Jimmy John’s Takes a Bite Out of Workers’ Rights: Crowley, Sánchez Call on FTC, Labor Department to Investigate Sandwich Chain’s Intimidating Hiring Practice for Low-Wage Workers
Members Express Concern Over Jimmy John’s Required Non-Compete Agreements and Impact on Workers’ Rights, Free Competition
(Washington, D.C.) – Today, Rep. Joe Crowley (D-NY), Vice Chair of the Democratic Caucus, and Rep. Linda Sánchez (D-CA), co-founder and co-chair of the Labor and Working Families Caucus, called on the Federal Trade Commission (FTC) and the Department of Labor (DOL) to investigate the hiring practices of Jimmy John’s sandwich chain following media reports that the company requires low-wage workers to sign non-compete agreements that severely impact workers’ rights and stifle market competition.
In a letter, signed by 35 of their colleagues, Crowley and Sánchez expressed concern that company-wide non-compete agreements, which are typically reserved for executives out of a need to protect propriety information, are inconsistent with trade and labor laws and intimidate low-wage workers.
“Non-competition agreements may sometimes make sense for well-compensated core company leadership, who are privy to company secrets and strategies. However, applying them to a company’s entire workforce looks more like bullying under color of law, as well as a violation of labor rights,” wrote the lawmakers in the letter.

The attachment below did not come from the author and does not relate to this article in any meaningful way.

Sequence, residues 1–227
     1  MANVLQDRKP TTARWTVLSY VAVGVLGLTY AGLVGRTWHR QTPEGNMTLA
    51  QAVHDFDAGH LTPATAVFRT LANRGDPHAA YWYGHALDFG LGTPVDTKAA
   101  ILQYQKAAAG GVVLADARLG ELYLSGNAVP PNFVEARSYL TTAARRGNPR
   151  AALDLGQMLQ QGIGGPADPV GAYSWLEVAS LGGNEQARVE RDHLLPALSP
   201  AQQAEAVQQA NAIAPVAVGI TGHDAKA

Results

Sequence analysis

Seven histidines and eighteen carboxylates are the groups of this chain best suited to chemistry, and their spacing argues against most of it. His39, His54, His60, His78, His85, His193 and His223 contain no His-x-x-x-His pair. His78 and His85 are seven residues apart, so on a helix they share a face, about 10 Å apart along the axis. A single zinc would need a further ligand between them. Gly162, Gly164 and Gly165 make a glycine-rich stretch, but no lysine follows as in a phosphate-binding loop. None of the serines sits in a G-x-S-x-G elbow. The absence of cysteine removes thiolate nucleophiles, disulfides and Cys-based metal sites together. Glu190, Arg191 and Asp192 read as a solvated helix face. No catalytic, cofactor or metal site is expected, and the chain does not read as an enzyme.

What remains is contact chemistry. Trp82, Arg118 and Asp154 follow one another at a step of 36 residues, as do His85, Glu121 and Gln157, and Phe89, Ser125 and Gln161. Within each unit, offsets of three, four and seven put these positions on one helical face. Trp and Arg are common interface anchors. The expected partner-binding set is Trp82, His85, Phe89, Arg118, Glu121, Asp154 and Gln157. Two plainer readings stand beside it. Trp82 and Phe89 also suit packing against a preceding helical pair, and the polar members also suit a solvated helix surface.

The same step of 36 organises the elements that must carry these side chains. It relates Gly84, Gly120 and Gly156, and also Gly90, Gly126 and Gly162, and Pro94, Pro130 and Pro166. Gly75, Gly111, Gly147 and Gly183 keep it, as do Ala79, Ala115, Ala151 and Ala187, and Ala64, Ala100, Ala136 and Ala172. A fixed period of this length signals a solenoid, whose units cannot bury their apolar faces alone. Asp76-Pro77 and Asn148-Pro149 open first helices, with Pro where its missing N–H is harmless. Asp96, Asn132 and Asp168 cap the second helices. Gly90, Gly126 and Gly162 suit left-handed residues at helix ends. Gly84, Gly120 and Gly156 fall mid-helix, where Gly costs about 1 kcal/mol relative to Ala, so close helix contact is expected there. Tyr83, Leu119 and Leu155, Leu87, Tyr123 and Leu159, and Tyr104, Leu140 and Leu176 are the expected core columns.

Furthermore, the members are troubled by the excessive restrictions reportedly included in these agreements, such as banning employees from working for any establishment that serves sandwiches and operates within three miles of any Jimmy John’s 2,000-plus locations, both while employed by the company and up to two years after their employment has ended.
“Forcing rank-and-file, low-wage workers to sign non-compete agreements also stifles the ability of these workers to seek out new opportunities for their own betterment, and runs counter to the American ideal of open competition, which allows individuals the opportunity to seek employment at higher wages,” continued the letter.
The letter asks the FTC and DOL to investigate Jimmy John’s hiring practices, determine the impact these agreements have on both workers’ rights and free competition, and take action to deter or prevent such agreements from impacting employees.
Today’s letter follows a successful effort by Crowley and Sánchez to secure higher wages for concession workers in federal buildings. In February, the lawmakers led 50 House Democrats in a letter to President Obama urging him to include these workers in his executive order raising the minimum wage for federal contractors. In June, the Department of Labor announced the proposed rule to implement the President’s executive order would include concession workers in federal buildings.
The full text of the letter to Chairwoman Ramirez and Secretary Perez is below:
October 22, 2014
The Honorable Edith Ramirez
Federal Trade Commission
600 Pennsylvania Avenue NW
Washington, D.C. 20580
The Honorable Thomas Perez